We’ve talked about the emergence of features like mobile learning, gamification and microlearning, and those are all important. But a truly sophisticated LMS takes things even further. For example, most modern learning management systems claim to tailor the experience to each learner, but the best ones are using artificial intelligence to more precisely optimize each participant’s learning experience.
- Your LMS should be able to learn your trainees’ strengths and difficulties and tailor the experience accordingly with the help of machine learning.
- Your LMS should be able to easily integrate with all of your essential HR, CRM and project management software.
- Your LMS should look less like corporate technology and more like a user-friendly social platform. LXPs have been doing this for years, and it’s extremely effective for engagement.
LMSs have become a lot more advanced in recent years. If you haven’t updated in a while, you may be missing out on some essential features.
7. Take inventory of your data capabilities and reporting features
Precise, detailed reporting is imperative, but some LMSs fall painfully short in this area, offering only the bare essentials of participation and scoring information.
It’s not enough to know who completed the lessons and how many questions they answered correctly. A quality LMS should collect a wealth of data related to engagement, participation, proficiencies, sticking points, confidence levels and knowledge/skills gaps.
This data should then be translated into detailed reports that include graphical data, behavior metrics, confidence metrics and other precise analytics, all presented on an easy-to-read dashboard.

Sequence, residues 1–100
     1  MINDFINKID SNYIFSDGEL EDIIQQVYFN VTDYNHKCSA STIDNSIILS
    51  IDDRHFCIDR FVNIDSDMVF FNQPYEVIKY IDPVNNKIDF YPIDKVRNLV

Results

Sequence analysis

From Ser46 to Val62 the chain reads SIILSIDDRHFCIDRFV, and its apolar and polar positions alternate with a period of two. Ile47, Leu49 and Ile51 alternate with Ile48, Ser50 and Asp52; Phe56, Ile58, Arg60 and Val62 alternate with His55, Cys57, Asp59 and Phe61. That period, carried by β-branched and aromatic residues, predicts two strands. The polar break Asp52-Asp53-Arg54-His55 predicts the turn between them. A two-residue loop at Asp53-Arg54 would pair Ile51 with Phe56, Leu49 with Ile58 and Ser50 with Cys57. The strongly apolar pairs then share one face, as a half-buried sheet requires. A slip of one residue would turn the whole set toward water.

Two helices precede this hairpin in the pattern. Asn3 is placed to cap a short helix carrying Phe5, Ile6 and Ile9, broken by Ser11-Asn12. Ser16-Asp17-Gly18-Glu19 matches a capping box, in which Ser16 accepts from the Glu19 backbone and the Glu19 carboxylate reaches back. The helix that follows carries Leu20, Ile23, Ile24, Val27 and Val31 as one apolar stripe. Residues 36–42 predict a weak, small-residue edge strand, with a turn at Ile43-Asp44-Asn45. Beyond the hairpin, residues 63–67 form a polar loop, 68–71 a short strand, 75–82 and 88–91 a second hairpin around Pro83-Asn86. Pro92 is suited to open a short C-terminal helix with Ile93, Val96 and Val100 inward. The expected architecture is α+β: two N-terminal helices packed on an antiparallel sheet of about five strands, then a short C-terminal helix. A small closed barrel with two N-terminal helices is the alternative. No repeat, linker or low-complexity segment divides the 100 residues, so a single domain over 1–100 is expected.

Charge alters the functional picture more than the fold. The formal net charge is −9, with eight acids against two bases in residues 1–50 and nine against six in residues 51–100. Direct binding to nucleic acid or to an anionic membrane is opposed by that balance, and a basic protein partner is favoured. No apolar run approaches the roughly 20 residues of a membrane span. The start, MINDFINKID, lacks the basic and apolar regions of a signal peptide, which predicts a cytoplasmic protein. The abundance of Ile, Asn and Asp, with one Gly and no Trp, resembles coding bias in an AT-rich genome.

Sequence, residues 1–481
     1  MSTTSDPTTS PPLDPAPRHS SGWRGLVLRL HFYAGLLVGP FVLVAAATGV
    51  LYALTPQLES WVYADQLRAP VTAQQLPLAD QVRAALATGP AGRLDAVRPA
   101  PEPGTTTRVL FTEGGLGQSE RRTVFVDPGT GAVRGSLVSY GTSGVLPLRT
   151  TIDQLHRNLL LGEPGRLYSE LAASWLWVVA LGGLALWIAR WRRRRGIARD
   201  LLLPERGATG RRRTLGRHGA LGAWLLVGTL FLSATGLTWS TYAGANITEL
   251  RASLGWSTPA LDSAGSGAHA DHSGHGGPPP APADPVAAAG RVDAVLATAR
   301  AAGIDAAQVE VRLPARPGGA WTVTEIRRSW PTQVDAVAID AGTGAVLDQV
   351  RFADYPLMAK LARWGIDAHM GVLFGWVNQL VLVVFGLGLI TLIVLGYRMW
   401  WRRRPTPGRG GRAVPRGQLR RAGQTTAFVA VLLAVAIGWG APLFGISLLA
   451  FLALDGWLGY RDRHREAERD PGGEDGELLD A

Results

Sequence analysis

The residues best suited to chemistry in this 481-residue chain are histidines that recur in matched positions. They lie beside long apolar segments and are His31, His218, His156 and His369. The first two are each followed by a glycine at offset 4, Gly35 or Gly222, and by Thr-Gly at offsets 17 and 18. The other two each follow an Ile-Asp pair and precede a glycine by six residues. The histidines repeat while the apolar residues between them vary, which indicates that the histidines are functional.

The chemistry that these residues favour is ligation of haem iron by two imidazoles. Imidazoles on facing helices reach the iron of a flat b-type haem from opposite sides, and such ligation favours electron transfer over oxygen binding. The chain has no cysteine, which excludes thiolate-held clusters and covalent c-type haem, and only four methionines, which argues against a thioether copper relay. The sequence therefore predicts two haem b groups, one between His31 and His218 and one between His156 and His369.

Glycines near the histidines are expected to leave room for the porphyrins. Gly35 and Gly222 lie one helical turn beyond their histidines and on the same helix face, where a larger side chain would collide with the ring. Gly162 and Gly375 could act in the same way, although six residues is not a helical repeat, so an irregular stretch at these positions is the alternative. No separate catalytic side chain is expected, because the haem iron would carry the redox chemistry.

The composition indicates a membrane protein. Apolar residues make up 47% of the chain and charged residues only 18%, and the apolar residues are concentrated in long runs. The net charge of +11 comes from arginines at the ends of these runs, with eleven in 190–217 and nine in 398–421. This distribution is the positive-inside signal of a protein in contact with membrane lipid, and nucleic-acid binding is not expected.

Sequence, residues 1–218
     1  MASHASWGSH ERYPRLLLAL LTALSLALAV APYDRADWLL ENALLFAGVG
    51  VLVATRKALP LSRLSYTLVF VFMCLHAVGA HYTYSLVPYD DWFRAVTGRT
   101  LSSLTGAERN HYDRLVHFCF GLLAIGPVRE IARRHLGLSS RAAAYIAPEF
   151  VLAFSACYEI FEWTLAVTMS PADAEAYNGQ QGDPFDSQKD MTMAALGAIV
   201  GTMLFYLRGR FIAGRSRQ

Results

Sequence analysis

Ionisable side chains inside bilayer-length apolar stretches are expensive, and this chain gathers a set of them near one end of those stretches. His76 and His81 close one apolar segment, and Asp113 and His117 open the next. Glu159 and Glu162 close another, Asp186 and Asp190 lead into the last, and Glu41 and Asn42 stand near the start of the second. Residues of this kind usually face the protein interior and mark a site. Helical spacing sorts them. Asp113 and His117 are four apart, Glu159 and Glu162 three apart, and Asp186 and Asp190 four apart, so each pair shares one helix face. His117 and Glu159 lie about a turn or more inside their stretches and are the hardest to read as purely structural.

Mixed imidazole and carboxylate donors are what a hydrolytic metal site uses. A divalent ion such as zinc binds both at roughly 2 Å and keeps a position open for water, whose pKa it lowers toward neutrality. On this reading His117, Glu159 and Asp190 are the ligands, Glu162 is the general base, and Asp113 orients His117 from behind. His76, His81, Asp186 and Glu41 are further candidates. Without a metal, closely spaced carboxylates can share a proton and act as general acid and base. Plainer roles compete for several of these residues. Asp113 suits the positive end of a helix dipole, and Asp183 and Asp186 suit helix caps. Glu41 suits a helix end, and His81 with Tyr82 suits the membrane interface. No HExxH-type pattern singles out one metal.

In addition, content should be tied to specific outcomes and KPIs—and not just to learning objectives. A quality LMS should have tools in place to tie the content to these goals and deliver custom reports that indicate the impact of your training on each KPI.
Is it Time to Upgrade Your LMS?
If you haven’t audited your LMS in a while, now is the time. The LMS evaluation can be completed as part of a broader employee training evaluation, or it can be done on its own. You may find that your learning management system still effectively meets your needs. However, you may want to consider comparing new LMS vendors if:
- Your LMS isn’t engaging your employees
- Your LMS isn’t translating to the desired skills or behaviors
- Your LMS upkeep is costing you more time and money than it should
- Your LMS is missing important features like cloud hosting, mobile-friendliness, microlearning or AI
- Your LMS isn’t generating the in-depth reports you need
- Your LMS just isn’t meeting user expectations in terms of simplicity, technology or user experience
Implementing a new system can be labor-intensive, but it may be one of the best decisions you make for your business.